In-situ High-pressure Transmission Electron Microscopy (TEM) Measurement In-situ high-pressure transmission electron microscopy and origin of Earth's water Intellectual merit We plan high-pressure measurements within a transmission electron microscope (TEM), the first within the earth sciences. We will apply the results to problems that potentially span the width of the globe, from the development of Earths core to water on Earths surface. These rather ambitious and far-reaching claims arise from the ideas that a) high pressures can be produced within miniscule pressure vessels and b) the early Earth contained both large amounts of hydrogen trapped within accreting minerals plus significant amounts of magnesiowstite. We hypothesize that the latter, when pressurized during burial, released small amounts of iron metal, leaving increased amounts of ferric iron in the magnesiowstite. The metal slowly migrated to the core, whereas the ferric iron reacted with the trapped hydrogen to form water that then fluxed the normal convective overturn of Earths mantle, in the process carrying water to the surface where it contributed to forming the oceans. We propose to test this idea by focusing on wstite, the Fe-rich, non-stoichiometric component of magnesiowstite. We will use carbon nanotubes as pressure containers within a TEM. Such nanotubes contract upon electron radiation, pressurizing materials enclosed within them. We will a) experiment with ways of loading different types of materials into the nanotube containers, b) test their responses to temperature increases using a standard TEM heating stage, c) calibrate the nanotube containers with materials with known pressure responses, and d) finally do experiments on standard materials in a TEM with an environmental stage in which we can expose the samples to hydrogen (loading hydrogen into a conventional high-pressure cell is difficult). After having gained sufficient experience with the technique, we will study wstite, searching for the release of iron metal in response to pressure at a suitably elevated temperature. The high spatial resolution afforded by a TEM combined with its capabilities for chemical analysis will permit in-situ measurements of the reaction products. The results will expand available experimental methods for high-pressure capabilities and provide fundamental new mineralogical information of interest to geophysics and geodynamics. Broader impacts of the proposed research Education of future researchers and promotion of diversity are major goals of my research group. Five nationalities are currently represented, as are members of underrepresented groups. As in the past, outreach will include science talks to school groups (including grade schools), presentations during annual Earth Day events, interviews with U.S. and overseas television stations about scientific activities, and periodic interviews with the radio and press. Thus, our research results will promptly be brought to the attention of the non-scientific community in ways intended to be educational. Also, my son is on the faculty of the Tohono Oodham Community College (a Native American college in Sells, AZ), and I hope to recruit one or more TOCC students as undergraduate interns to work with us on this project, perhaps to help develop ways of loading the nanotubes with various materials of interest. The proposed research will develop and refine new ways of doing high-pressure experiments, producing results that cut across several fields of study, thereby contributing to cross-disciplinary interactions and ideas. In keeping with prior practice, the results will be published in leading professional journals and disseminated through seminars and other talks at professional meetings and universities. The requested support will contribute to training of a graduate student and postdoctoral researcher, including extensive mentoring activities and presentations at professional meetings.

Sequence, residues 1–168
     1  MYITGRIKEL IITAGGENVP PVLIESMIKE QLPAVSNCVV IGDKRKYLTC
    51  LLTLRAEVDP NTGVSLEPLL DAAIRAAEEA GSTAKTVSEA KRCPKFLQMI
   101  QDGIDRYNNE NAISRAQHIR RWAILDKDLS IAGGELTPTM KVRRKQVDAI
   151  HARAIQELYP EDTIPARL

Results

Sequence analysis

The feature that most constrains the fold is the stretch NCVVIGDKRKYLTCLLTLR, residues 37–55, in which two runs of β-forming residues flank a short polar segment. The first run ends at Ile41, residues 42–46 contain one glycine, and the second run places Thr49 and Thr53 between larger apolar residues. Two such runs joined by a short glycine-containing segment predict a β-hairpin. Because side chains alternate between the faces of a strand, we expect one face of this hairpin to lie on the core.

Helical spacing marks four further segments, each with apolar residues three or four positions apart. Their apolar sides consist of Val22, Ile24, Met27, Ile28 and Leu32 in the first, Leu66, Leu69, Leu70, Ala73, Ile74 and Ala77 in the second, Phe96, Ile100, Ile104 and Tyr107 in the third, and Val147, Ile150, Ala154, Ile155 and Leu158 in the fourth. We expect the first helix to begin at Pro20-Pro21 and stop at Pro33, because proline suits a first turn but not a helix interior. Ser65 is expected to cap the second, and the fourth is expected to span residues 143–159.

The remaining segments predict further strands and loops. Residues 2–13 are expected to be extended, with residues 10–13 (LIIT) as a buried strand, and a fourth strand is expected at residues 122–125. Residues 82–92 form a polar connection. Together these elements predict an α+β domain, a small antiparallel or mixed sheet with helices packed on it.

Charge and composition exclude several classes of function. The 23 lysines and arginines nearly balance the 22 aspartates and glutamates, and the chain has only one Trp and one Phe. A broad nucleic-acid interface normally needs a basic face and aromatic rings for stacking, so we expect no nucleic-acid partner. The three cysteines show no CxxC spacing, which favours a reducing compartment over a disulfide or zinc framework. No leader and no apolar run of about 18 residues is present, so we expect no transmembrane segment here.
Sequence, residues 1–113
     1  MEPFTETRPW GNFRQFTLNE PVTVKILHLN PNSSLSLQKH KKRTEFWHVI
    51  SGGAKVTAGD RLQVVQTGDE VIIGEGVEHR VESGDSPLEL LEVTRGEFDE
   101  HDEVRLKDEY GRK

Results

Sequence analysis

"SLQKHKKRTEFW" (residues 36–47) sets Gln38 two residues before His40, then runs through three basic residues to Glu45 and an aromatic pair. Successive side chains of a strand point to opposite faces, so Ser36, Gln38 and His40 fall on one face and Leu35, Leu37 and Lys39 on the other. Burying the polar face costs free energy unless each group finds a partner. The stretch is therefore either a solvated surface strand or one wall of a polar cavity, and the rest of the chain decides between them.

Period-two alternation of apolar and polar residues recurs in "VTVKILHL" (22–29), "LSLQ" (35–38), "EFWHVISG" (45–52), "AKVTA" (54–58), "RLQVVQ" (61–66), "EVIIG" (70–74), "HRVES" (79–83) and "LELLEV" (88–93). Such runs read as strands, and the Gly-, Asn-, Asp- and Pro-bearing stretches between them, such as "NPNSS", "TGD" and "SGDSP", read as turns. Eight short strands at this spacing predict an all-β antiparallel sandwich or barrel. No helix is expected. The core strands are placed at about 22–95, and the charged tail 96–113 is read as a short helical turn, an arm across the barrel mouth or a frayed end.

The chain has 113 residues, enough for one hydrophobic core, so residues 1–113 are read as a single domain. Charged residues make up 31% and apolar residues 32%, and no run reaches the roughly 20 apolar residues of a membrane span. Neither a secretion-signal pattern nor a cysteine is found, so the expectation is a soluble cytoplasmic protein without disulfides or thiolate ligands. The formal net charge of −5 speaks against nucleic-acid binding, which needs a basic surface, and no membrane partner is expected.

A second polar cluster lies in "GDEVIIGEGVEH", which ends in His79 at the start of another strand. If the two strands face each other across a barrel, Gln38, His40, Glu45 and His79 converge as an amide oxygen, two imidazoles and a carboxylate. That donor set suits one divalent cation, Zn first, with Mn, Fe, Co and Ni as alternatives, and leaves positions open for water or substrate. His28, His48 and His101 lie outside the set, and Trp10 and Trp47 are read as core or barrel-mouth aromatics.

|Effective start/end date||4/1/10 → 3/31/13|
- National Science Foundation (NSF): $300,206.00
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